Steve Jobs not only built great products, but also built great companies. All of the products that he built followed Leonarda Da Vinci's mantra "Simplicity is the ultimate Sophistication".

Both the book and the man, impacted me ... and made me to think. Here are some highlights from the book:

  1. Unlike other product developers, Jobs did not believe that customers are always right. He felt customers do not know what they want, until you show them. He didn't just motivate his teams to make mere product advances, but whole new devices and services that consumers did not know they needed. 
  2. He loved doing things right. He even cared about the look of parts that you couldn't see. During his childhood days, he learned from his dad about the importance of making even the back of the cabinets and fences properly, even though they were hidden. 
  3. He practiced strict vegetarianism (vegan diet) for the major part of his life. 
  4. Apple's marketing philosophy - empathy (intimate connection with the feelings of the customer), focus (eliminate whatever opportunities are unimportant), impute (presenting products in a creative, professional manner)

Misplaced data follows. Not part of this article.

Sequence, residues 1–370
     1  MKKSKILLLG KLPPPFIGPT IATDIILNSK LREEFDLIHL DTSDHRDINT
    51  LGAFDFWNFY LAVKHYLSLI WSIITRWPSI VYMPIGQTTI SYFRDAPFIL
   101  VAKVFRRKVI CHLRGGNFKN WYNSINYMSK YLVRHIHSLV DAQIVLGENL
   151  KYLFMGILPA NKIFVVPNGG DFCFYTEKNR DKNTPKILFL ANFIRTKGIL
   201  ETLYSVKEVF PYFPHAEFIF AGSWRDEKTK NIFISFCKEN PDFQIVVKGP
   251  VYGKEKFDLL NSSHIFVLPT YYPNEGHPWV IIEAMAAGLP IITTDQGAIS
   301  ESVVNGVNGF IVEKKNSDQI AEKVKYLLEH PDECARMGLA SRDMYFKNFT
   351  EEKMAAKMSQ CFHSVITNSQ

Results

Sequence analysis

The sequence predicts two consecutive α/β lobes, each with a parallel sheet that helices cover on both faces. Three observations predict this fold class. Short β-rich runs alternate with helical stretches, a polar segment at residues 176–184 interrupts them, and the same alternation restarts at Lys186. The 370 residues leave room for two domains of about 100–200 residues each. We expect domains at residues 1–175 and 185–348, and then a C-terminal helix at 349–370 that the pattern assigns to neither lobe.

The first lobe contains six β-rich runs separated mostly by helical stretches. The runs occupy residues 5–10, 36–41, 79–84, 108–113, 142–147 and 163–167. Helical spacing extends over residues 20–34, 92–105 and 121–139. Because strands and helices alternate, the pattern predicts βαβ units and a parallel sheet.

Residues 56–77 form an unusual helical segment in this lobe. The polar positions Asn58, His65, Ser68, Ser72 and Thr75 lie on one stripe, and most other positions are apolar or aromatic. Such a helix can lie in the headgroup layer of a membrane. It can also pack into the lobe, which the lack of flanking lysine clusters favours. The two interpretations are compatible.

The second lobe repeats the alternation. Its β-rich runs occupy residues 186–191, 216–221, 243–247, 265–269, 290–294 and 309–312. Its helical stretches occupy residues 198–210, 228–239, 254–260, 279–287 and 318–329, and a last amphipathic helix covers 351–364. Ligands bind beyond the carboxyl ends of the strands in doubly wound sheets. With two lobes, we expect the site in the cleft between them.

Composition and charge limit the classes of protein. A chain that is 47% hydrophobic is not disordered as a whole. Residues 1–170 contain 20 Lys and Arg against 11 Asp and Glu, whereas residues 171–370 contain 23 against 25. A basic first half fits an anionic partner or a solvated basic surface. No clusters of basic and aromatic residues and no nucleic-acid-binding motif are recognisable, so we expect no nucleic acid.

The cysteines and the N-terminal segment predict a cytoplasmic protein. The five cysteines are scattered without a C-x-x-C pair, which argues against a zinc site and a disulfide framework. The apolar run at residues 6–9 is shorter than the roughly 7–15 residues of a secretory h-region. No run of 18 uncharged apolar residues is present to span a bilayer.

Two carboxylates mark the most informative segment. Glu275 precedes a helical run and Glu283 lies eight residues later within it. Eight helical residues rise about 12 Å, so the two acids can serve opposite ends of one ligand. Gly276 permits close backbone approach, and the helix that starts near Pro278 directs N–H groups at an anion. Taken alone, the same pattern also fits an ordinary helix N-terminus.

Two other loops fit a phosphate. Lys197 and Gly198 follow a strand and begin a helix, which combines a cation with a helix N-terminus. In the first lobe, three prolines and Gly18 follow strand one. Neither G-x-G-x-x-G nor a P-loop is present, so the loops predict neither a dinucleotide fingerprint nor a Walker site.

5. Jobs ends up to be brutally honest, telling the truths that most of us sugarcoat or suppress. He usually didn't care an iota of what people actually think of him. According to him, people were either enlightened or assholes. Products were either amazing or shit. 
  6. Jobs thought "If you need slides, it shows, you don't know what you are talking about"
  7. Jobs was driven by his perfectionism and gets impatience with those who made compromises in order to get a product on time and on budget. People look at him as someone who has reality distortion, especially when he gets too passionate about a product.  
  8. Lessons Jobs learned from the Buddhism - material possessions often cluttered life rather than enriched it. So, he embraced "minimalism". He reflected that through the things that he accumulated at home and through the things that he wears everyday. He also applies this philosophy in designing / building products.
  9. Jobs wanted to have end to end control over the entire ecosystem, when building products. He believed that for a computer to be truly great, its hardware and software has to be tightly linked. He followed that right from the MAC to the iPhone to the iTunes. He was a believer of creating end to end solutions. 
  10. Jobs thought "You have to be ruthless if you want to build a team of A players. Its too easy as a team grows, to put up with a few B players, and then attract a few more B players, and soon you'll even have some C players. A players like to work only with A players. Part of my responsibility, is to be a yardstick for quality. Some people aren't used to an environment where excellence is expected"
  11. Jobs is good at focusing on a few things and say no to many things.  He feels that "deciding what not to do is as important as deciding what to do. That's true for companies and that's true for products"